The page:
Nurses wearing protective suits escort a man infected with the ebola virus to a hospital in Monrovia, Liberia, 25 August. Photo: Getty
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Why releasing untested ebola drugs was the right thing to do

Drug trials rarely tell the whole story as many drugs have side effects that emerge only after deployment in the population at large. Yet unexpected effects can sometimes be surprisingly good.

Scientists do the best they can, but no drug is properly tested until it is fully deployed. And sometimes the result is better than anyone could have hoped.

In all the hand-wringing over whether it was right to release untested drugs to treat ebola victims, an important truth has gone largely unreported: even when completed, drug trials rarely tell the whole story. Many drugs have side effects that emerge only after deployment in the population at large. If you want proof, look at the millions of reports of adverse effects on the US Food and Drug Administration’s new OpenFDA website.

It’s worth noting, however, that unexpected effects can sometimes be surprisingly good. Take BCG. The Bacillus Calmette-Guérin vaccination was designed to protect against tuberculosis but it does far more. It stimulates an immune reaction against bladder cancer, for instance – the vaccine, delivered directly into the bladder, is now a standard treatment for this disease. It has also been used to fight multiple sclerosis and diabetes. No one knows exactly why this immunity-boosting effect takes place.

Other vaccines also have unexpected protective effects. Studies have shown that, when deployed in Africa, the measles vaccine cuts deaths from diseases other than measles by a third. The way it stimulates the immune system seems to enhance the body’s defence against infections. As a result, pneumonia, sepsis and diarrhoea – the most common causes of death in developing countries – are reduced by vaccinating against a completely unrelated disease.

We have known this for a while. In the early 20th century a physician logged the survival rates of children when vaccination was introduced to Sweden. Even though tuberculosis mostly kills older children, the vaccination had an effect on babies, too: those who had received it stood a much higher chance of reaching their first birthday. Follow-up trials in the US and UK in the 1940s and 1950s suggested that BCG-vaccinated children had a 25 per cent lower death rate from diseases unconnected to tuberculosis.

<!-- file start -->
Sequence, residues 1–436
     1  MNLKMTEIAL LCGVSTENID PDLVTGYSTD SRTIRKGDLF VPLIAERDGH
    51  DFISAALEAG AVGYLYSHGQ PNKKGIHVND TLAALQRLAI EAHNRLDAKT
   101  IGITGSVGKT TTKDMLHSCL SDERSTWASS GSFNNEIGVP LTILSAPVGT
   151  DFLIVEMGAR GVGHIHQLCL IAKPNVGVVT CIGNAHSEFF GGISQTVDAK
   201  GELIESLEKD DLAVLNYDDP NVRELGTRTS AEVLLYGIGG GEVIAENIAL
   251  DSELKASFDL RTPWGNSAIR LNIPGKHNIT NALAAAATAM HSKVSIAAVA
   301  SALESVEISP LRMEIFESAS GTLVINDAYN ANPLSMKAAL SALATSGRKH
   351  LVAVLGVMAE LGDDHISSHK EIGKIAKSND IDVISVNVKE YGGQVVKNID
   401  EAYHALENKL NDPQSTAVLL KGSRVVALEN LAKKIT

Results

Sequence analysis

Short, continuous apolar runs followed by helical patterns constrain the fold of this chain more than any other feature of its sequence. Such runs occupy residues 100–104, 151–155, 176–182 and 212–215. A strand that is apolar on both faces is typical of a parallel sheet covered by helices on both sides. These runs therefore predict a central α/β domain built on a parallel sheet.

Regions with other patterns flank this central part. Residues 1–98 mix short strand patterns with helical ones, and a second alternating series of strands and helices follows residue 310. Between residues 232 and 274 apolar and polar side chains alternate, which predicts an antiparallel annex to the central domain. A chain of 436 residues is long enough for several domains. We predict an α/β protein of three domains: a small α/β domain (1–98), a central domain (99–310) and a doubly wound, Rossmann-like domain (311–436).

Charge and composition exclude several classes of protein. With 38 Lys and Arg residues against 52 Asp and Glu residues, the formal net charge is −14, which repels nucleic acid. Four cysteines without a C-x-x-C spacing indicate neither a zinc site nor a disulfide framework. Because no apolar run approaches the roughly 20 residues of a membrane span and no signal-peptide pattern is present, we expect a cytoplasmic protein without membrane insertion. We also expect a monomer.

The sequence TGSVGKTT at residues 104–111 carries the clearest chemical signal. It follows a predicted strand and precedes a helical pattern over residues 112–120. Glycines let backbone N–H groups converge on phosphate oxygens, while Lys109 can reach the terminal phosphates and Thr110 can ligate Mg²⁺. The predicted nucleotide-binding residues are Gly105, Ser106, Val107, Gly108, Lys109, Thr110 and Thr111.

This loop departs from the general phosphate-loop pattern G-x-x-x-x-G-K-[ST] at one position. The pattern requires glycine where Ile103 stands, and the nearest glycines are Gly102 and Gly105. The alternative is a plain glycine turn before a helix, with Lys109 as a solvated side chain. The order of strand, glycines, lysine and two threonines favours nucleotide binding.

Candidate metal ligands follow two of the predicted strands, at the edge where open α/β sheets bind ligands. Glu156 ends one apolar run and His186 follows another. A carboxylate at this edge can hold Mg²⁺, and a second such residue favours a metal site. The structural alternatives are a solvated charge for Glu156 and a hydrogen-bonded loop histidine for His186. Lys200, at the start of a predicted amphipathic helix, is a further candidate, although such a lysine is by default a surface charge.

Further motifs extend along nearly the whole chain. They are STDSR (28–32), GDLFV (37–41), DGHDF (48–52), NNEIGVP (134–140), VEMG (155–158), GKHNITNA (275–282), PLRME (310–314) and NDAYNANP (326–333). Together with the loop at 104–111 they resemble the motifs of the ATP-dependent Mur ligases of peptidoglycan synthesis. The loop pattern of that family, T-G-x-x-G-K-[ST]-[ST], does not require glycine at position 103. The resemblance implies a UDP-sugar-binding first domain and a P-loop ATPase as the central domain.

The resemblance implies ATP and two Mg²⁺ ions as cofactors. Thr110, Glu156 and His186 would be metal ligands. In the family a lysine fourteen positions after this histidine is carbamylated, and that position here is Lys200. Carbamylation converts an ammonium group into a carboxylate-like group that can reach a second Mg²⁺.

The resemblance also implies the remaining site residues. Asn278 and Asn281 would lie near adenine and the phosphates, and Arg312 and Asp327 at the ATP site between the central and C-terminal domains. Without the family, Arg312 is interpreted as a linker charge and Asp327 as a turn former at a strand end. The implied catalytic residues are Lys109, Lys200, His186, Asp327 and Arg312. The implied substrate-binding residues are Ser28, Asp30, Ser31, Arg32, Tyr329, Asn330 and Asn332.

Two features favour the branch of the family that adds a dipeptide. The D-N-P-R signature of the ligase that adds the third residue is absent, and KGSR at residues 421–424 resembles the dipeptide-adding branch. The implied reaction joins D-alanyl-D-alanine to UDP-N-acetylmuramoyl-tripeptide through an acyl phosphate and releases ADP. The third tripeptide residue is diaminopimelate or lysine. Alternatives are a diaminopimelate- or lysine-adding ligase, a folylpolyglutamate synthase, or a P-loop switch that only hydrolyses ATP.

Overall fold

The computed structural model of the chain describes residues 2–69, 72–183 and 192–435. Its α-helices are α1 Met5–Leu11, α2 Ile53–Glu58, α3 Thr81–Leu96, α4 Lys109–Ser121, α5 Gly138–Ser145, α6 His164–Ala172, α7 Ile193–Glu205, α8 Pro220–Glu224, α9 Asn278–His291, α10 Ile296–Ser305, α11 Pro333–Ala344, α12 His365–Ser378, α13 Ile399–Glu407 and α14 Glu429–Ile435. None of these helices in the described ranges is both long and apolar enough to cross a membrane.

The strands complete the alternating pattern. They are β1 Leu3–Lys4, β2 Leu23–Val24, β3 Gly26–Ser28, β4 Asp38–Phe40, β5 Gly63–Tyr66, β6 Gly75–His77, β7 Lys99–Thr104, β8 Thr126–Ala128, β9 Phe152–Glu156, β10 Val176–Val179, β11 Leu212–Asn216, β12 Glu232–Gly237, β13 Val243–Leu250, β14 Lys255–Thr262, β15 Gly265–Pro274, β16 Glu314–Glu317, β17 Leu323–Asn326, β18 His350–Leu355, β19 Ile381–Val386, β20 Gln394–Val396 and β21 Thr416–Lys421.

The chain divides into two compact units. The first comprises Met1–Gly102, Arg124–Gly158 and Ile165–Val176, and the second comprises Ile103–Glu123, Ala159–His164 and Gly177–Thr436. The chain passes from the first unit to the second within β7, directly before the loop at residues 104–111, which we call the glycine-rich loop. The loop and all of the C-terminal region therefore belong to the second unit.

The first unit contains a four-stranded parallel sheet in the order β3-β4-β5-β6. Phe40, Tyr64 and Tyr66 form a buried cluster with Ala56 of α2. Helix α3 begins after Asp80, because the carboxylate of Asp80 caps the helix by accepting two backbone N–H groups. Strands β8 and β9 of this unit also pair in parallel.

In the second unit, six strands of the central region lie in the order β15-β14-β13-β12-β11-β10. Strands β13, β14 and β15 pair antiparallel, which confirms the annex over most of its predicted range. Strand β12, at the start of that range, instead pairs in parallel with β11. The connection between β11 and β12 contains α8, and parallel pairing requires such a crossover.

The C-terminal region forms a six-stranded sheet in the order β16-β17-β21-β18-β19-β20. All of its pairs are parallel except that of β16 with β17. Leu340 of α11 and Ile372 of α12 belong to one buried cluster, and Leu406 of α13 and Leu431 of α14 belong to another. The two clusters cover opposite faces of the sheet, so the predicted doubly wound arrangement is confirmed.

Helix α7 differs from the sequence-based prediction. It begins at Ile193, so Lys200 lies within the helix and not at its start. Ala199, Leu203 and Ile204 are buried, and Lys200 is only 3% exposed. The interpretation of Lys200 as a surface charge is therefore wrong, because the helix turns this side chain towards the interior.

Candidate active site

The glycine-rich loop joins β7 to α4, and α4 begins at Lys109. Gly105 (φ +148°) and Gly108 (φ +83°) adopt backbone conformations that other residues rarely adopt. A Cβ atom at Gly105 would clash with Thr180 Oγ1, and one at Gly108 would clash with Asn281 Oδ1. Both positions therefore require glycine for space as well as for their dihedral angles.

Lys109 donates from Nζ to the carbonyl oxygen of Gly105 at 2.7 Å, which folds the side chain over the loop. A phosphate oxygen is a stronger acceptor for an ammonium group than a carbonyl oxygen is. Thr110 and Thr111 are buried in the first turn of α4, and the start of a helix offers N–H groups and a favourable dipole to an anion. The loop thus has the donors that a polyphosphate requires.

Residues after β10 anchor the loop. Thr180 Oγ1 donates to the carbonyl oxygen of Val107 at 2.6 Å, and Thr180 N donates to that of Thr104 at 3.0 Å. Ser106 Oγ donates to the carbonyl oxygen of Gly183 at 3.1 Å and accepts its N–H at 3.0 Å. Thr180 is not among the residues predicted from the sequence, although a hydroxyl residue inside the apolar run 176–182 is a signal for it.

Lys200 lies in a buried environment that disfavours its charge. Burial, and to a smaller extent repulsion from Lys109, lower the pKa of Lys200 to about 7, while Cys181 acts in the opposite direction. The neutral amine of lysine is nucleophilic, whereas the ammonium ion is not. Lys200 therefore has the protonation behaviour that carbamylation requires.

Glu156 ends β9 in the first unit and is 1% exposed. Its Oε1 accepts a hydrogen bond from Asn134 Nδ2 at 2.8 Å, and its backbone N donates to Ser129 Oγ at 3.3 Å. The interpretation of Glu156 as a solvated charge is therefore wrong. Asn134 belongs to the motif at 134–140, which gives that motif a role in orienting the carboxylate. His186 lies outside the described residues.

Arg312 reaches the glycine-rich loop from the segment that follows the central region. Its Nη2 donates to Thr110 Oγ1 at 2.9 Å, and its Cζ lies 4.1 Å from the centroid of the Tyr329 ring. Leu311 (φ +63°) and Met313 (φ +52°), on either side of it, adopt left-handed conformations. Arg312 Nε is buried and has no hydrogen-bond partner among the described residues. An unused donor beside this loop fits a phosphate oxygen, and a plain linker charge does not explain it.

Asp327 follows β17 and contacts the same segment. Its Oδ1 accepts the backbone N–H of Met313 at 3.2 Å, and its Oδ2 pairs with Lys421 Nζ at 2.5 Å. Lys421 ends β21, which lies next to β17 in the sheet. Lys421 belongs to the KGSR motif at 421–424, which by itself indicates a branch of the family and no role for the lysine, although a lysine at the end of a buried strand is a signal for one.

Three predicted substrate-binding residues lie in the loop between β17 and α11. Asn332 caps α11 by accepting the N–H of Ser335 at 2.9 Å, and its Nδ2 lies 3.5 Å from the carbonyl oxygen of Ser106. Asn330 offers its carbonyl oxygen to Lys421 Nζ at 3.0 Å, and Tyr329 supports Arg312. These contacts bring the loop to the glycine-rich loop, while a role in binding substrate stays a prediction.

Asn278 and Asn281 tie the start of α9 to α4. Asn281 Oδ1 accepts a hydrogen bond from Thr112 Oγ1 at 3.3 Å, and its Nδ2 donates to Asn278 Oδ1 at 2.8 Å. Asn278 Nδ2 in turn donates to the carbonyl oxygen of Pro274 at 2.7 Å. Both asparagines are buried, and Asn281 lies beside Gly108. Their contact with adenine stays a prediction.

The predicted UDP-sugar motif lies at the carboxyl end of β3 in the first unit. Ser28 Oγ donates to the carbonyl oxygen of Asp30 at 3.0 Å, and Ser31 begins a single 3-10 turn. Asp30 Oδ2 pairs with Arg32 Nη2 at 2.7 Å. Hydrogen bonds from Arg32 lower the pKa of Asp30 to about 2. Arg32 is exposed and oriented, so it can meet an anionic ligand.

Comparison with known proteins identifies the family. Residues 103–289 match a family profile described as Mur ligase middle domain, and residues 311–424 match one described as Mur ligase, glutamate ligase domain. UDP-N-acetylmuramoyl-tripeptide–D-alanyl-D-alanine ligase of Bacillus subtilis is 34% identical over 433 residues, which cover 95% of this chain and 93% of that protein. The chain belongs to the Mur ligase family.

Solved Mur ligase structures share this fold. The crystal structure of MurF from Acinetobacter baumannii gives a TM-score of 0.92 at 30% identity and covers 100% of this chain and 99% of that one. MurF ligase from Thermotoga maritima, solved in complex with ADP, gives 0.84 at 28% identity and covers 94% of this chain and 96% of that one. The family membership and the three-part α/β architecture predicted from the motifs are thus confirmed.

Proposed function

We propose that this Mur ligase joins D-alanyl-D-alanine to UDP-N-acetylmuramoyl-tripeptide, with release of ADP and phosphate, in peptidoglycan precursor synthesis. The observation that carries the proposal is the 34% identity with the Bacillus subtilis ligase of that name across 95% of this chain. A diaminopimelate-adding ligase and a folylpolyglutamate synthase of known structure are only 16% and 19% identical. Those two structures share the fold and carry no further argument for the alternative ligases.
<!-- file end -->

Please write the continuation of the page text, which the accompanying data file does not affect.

More recent studies have shown that vaccines for both smallpox and BCG can reduce susceptibility to lymphoma, leukaemia and asthma. Some researchers suggest that the rise in allergies and asthma in developed countries might be linked to the phasing out of the BCG vaccines.

There are still improvements to be made. This year, the World Health Organisation (WHO) has announced that it is looking into tweaking the sequence in which certain vaccines are administered in developing countries, after a team of experts concluded that the way they interact might be having an adverse effect on girls’ health.

It is not the first time that gender-specific effects have been noted after vaccination. In 1992, WHO withdrew a high-dose measles vaccine that had been shown to increase girls’ susceptibility to infection. No one is advocating that we drop any vaccinations – they save far more lives than they put at risk. But just changing the order in which they are given might help them save even more lives.

In the messy world of pharmaceuticals, nothing is ever certain. Whatever the outcome, releasing the untested ebola drugs was the right thing to do. In a crisis, we sometimes have to jump and hope for the best. Or maybe even better. 

Michael Brooks holds a PhD in quantum physics. He writes a weekly science column for the New Statesman, and his most recent book is At the Edge of Uncertainty: 11 Discoveries Taking Science by Surprise.

This article first appeared in the 20 August 2014 issue of the New Statesman, What the Beatles did for Britain

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The Prevent strategy needs a rethink, not a rebrand

A bad policy by any other name is still a bad policy.

Yesterday the Home Affairs Select Committee published its report on radicalization in the UK. While the focus of the coverage has been on its claim that social media companies like Facebook, Twitter and YouTube are “consciously failing” to combat the promotion of terrorism and extremism, it also reported on Prevent. The report rightly engages with criticism of Prevent, acknowledging how it has affected the Muslim community and calling for it to become more transparent: